Ex-Penn State player says Portland discriminated
STATE COLLEGE, Pa. -- A former Penn State women's basketball player started a discrimination complaint against Nittany Lions coach Rene Portland, filing paperwork Friday claiming that she was harassed by the coach to change her appearance because she was not "feminine enough."
The attorney for Jennifer Harris cited sex and race as the basis for charges of "discrimination, retaliation and harassment" in paperwork filed with the Pennsylvania Human Relations Commission.
Harris, who is black, said in the filings that she told Portland that she was not comfortable in changing her appearance, and that Portland then "treated me differently from other team members" and "threatened and humiliated me" to try get Harris to quit or take a leave of absence.
Besides the university, Portland and athletic director Tim Curley were named in the complaint.
A spokeswoman for Portland, who is white, said Friday that the coach had not seen the complaint and declined to comment. A spokesman for Curley also declined comment.
Harris left Penn State after last season and transferred to James Madison. Portland, in response to Harris' initial allegations last month, said in a statement that accusations that the former player's departure involved discrimination on the basis of her perceived sexual orientation were "completely and utterly untrue."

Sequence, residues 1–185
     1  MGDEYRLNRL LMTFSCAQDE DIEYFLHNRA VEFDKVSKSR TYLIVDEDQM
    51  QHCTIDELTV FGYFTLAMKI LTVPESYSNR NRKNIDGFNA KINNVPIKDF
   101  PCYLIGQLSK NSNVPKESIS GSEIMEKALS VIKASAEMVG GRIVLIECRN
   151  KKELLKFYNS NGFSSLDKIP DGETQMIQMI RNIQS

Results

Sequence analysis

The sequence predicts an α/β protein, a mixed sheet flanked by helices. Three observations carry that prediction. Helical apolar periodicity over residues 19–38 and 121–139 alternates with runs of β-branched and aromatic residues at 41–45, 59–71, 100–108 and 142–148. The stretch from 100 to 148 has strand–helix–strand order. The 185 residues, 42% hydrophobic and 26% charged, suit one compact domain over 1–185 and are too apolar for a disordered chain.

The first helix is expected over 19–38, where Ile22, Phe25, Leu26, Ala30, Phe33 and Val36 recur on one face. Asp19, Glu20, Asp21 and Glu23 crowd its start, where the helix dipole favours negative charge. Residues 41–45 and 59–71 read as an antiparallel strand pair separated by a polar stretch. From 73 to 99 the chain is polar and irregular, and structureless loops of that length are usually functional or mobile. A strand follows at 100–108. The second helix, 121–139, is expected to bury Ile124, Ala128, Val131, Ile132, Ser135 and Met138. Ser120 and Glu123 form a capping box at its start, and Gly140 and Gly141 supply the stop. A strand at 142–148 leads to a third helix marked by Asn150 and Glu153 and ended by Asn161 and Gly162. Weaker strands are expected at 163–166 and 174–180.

University spokesman Tysen Kendig said he was not aware of any prior complaints by Harris related to race. "It wouldn't surprise me that it hadn't come up before, because we have had very little information on the issue."
Lawyers for the two sides have talked, but the school said they have not been allowed to talk to Harris herself and that is delaying an internal investigation.
Harris has said Portland thought she was gay, but the former Penn State player says she is not.
In the filing, Harris said the "pattern of ongoing harassment" started in early 2004, and that other black players were forced off the team or harassed "more harshly than other players because of their race and what coach Portland perceived to be their nonconformity to out-of-date gender stereotypes."
Portland has declined to discuss the issue, referring questions to her statement last month and saying she was concentrating on preparing for the upcoming season.
In her statement, Portland said Harris was no longer with the team "because of her performance and attitude in relation to basketball" and because she "did not meet the level of commitment" required of players.
The paperwork filed by Harris' attorneys starts the process to open an official complaint with the state, said agency spokeswoman Laura Treaster.
Copyright 2005 by The Associated Press